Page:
Dynamic table loading in SSIS (Part 1)

The quick answer to this is that you can’t… at least not in a dataflow. Whilst you can dynamically change environments and databases, the column metadata has to remain the same. It’s therefore fairly limited as to what you can load “on the fly”.

There is a work around however for those of you who wish to be able to create a looping mechanism in a single package with a single task to load the data.

Amazon Link: SQL Server 2000 Fast Answers for DBAs and Developers, Signature Edition

What I used to use quite a lot in a past life was the bcp utility in SQL 2000. This utility is also available in 2005 and has 3 methods of use. [In],[Out] and [Format]. If we use the format function we can specify a file that will be used at run time.

So the idea is that using a bcp format command prior to loading the table in question, you can create a format file for use in Bulk Insert SSIS task. The formatfile property can be set in the task using an expression, as can the destination table and the source file. I think you can see what I’m getting at.

The process flow for your package would be something like this.

  1. Create a recordset listing the table names you want to load (use a dataflow task with a recordset destination, or an excuteSQL task sending results into an object variable)
  2. Create a ForEach loop container mapping the table name to a new variable.
  3. Issue a bcp format command against the table concerned. (Set the arguments using an expression). The result of the expression will look something like this “bcp dbName..TableName format nul -fc:\TableName.fmt -T -SserverName -n”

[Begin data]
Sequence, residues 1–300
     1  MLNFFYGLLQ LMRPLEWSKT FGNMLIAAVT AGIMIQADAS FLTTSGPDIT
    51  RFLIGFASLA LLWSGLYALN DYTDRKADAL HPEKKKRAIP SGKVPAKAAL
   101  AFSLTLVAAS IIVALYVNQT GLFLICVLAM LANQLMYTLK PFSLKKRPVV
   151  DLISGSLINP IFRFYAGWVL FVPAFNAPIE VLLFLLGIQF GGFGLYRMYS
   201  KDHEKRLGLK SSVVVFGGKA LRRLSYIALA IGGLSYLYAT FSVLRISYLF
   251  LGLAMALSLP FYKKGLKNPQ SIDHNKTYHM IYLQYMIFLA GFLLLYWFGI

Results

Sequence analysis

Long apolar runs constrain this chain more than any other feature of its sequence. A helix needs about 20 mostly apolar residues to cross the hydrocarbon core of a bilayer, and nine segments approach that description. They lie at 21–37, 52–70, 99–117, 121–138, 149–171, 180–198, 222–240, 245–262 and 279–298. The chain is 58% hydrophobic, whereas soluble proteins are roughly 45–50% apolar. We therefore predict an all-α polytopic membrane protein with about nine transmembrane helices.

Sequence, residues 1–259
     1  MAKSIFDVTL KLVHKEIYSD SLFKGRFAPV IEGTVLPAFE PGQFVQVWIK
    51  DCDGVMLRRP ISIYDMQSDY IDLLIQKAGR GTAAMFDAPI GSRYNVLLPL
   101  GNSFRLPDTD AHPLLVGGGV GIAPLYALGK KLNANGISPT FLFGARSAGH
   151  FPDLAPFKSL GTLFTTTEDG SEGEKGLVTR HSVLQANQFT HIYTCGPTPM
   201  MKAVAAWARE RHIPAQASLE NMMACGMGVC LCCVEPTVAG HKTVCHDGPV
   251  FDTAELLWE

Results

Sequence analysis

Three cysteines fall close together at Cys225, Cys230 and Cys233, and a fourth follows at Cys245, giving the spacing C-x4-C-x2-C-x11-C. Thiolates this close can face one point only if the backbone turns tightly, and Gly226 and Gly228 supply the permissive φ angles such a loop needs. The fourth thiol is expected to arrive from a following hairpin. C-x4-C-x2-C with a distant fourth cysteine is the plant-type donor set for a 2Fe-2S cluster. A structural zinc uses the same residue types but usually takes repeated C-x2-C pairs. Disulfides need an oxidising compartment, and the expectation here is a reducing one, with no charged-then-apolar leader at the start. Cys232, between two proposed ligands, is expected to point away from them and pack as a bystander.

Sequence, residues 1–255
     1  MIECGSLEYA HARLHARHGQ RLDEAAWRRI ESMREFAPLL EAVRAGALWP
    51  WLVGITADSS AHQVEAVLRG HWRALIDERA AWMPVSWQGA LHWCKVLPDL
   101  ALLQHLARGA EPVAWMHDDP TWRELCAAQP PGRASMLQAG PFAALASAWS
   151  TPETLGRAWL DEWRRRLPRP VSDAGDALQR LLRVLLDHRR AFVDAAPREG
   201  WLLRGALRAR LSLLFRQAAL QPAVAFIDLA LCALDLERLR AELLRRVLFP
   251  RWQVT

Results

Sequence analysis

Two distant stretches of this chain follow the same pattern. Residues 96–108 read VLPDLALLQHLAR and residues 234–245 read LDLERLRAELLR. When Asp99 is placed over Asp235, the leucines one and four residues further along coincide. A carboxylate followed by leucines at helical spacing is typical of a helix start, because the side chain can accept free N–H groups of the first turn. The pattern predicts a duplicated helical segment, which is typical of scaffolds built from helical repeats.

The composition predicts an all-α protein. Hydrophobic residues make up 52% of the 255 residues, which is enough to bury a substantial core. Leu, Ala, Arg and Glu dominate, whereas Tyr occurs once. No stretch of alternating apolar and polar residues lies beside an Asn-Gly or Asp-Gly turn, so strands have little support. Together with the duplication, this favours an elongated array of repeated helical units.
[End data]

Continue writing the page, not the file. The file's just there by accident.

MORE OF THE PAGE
4. Also inside the loop create a bulk insert task using expressions for the formatfile name (created in step 3), and the destination tablename.
  5. In your file connection manager properties, use an expression to set the connection string for your datafile.

Once you have done this you are ready to go. One package – no dataflows – dynamically changing source and destinations.

As I said, not pretty, but it works.

See a working example in part 2.

3 thoughts on “Dynamic table loading in SSIS (Part 1)”

  1. I’d just like to add to this that bulk insert task in SSIS does have various limitations especially in regard to permissions and file locations. Also, its probably worth mentioning although I’m sure you all know this, that you can’t transform the data in any way. However, it will allow you to accomplish a simple import of data if that’s what you are trying to do.

    Cheers

  2. I see this is a solution file->database. Now how do we implement database 1->database 2 in a similar way? I guess in this case we need to write alot of custom code.

  3. You’re right. You couldn’t do this from one database to another… however it could be achieved if you absolutely had to have that ability in a single package, by executing a process task which runs the export utility in the source system, then loading the files using bulk insert… but having said this, it sort of defeats the purpose of integration services in that you can’t transform any of the data, and that you can’t load it in a single pass. Also, the dataflow is faster than bulk insert so you’re losing out in performance too!! So after all that there would be no point using SSIS!

    I used to use this method in a datawarehouse I worked on where all our source databases dropped csv files on to a central repository, and from there I would call a single SSIS package passing in the tablename to get the data loaded into a staging area. From there it required 100+ packages for the transforms.

    In the end there is no way around it!!

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